Friday, August 15, 2008

Sitting


In a couple of days, I’ll be going up to Cornwall-on-Hudson for my annual meditation retreat. It’s a sesshin, a period of intensified practice: lots of sitting, three daily services, small ceremonial meals, and no casual conversation all week. It’s a terrific opportunity for quiet introspection, to let your mind and body settle down and perhaps come closer to escaping their routine daily obsessions.

Last year, I went to sesshin for ten days, which was a bit too long. I emerged doubting the wisdom of those last few days of practice. This year, I’m going for seven days, which should be more manageable.

I guess I’m looking forward to it, though to be honest I’m also a bit anxious. I’ve really been slacking off in my practice for the last several months. I’ve gone to the Zendo here and there, and I’ve sat once or twice at home, but I haven’t been nearly as attentive as I’d been the last few years. I’m wondering if my system will be a bit shocked when I go in for a week of intense sitting!

Why have I slacked? Well, who knows. This seems to happen in practice - sometimes you’re practicing intensely, sometimes you’re not. For me it all began with a very busy spring, with lots of activities almost daily that literally kept me from sitting, and away from the Zendo. I’ve been working to make my schedule lighter by extracting myself from some extracurricular activities, but I haven’t quite resumed my regular sitting.

I leave on Monday, and I’ll be back the following Sunday evening, perhaps with a quieter outlook and the ability to see and appreciate daily life a bit more clearly. Or not!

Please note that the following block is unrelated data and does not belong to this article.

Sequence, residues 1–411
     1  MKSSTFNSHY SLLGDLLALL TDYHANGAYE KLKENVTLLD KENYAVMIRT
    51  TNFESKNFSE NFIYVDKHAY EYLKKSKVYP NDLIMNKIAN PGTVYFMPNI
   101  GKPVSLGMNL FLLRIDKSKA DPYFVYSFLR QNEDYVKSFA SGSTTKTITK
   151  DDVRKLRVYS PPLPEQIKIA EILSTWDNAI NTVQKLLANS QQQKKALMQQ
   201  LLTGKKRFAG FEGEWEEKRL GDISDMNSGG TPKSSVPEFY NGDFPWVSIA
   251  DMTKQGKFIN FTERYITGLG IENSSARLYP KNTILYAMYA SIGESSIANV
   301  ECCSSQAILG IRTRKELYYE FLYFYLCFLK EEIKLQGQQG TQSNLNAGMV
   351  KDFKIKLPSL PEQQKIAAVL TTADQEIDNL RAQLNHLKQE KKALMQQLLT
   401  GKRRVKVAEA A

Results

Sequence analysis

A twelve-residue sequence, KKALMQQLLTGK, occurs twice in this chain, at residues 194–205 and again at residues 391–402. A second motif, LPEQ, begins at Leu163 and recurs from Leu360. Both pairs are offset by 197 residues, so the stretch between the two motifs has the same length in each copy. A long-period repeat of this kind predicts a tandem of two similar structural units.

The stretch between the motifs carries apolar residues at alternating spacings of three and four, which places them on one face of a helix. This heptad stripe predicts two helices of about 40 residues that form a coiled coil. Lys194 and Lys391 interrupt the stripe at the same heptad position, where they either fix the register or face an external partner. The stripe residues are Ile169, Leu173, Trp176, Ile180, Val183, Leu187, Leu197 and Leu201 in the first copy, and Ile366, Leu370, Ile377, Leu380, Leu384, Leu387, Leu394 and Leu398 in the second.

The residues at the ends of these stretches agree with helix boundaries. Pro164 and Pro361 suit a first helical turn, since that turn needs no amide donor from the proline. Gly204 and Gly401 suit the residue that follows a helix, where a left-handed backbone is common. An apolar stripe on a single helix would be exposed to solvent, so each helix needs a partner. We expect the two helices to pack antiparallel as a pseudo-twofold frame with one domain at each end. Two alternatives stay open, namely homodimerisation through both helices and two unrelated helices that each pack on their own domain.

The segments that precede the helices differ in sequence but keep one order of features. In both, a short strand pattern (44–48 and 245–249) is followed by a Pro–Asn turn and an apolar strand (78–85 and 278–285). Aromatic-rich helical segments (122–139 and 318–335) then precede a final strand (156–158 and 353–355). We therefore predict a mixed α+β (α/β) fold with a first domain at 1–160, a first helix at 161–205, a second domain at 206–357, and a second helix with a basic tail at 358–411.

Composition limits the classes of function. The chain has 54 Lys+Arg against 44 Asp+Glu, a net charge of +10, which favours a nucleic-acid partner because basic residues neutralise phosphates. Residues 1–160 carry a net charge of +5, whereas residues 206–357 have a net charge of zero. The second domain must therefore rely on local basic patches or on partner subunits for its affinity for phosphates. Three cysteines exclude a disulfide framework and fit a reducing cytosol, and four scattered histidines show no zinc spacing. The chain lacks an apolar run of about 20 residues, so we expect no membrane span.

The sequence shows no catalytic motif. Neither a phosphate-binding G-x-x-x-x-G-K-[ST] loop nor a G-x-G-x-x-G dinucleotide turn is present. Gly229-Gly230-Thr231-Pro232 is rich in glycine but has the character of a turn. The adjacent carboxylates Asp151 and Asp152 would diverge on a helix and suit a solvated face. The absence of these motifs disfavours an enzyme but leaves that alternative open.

(Photo: Blossoms floating in a bird bath, Mt. Tremper, N.Y., Aug. 2008)

9 comments:

Reya Mellicker said...

The photo is extraordinary! All the worlds come together in the pic, as they will when you go sit for seven days.

You are mighty! Intense sitting is extremely strenuous for me (though I haven't done a long retreat like that EVER - a weekend retreat was enough to get me launched into what my teacher called a "multiple hindrance attack." Oh yeah!!

As for less and more, I think all practices have a rhythm, like breathing. At least every practice I've undertaken has had its ebbs and flows, just like the tides, my breath, heartbeat and everything else. It feels organic to me. People who sit exactly the same amount of time every single day, year after year? Seems a bit obsessive.

Have a wonderful retreat!

Bob Dylan said...

Here's to a quieter outlook, a chance to appreciate what's outside of us.

tut-tut said...

A beautiful photo. One can mediate for quite a while on all that it contains.

Barbara said...

I've gone through the ebb and flow of practice with music and meditation. I've come to find out that sometimes a change of pace is actually quite healthy. I hope you have a week of peaceful, easy sits. You will certainly come home reaping the rewards of your week of stillness and introspection.

lettuce said...

escaping routine daily obsessions sounds so appealing

i hope its a great retreat for you

bulletholes said...

Fishing used to be like a Zen thing for me....I went for two weeks one time, but I didn't fish at all the last three days!
Now I don't know anything about Zen, or sitting, but when you used the words "sometimes you’re practicing intensely, sometimes you’re not" it seemed...well... seemed like the whole idea was to not be intense....
And then I thought that maybe it was like Fishing; people think of fishing as being this relaxing thing where you sit and watch your bobber and just try to stay awake...and that can be so...but other times its intense and you fish "HARD" and in the hardness you find Relaxation.
So is that what the yin-yang thing is about?
What would they think if you didn't want to Zen the last day, the way I didn't want to fish for those three days?
Have a good trip!

Betty said...

Steve, have a good trip! Wishing you a positive and peaceful time.

Betty said...

Forgot to say I really, really love that photo

JGH said...

I've always been tempted to try something like this and wonder what it must be like to re-enter the world of conversation afterwards. Relieved? Annoyed? a bit of both? Enjoy your retreat!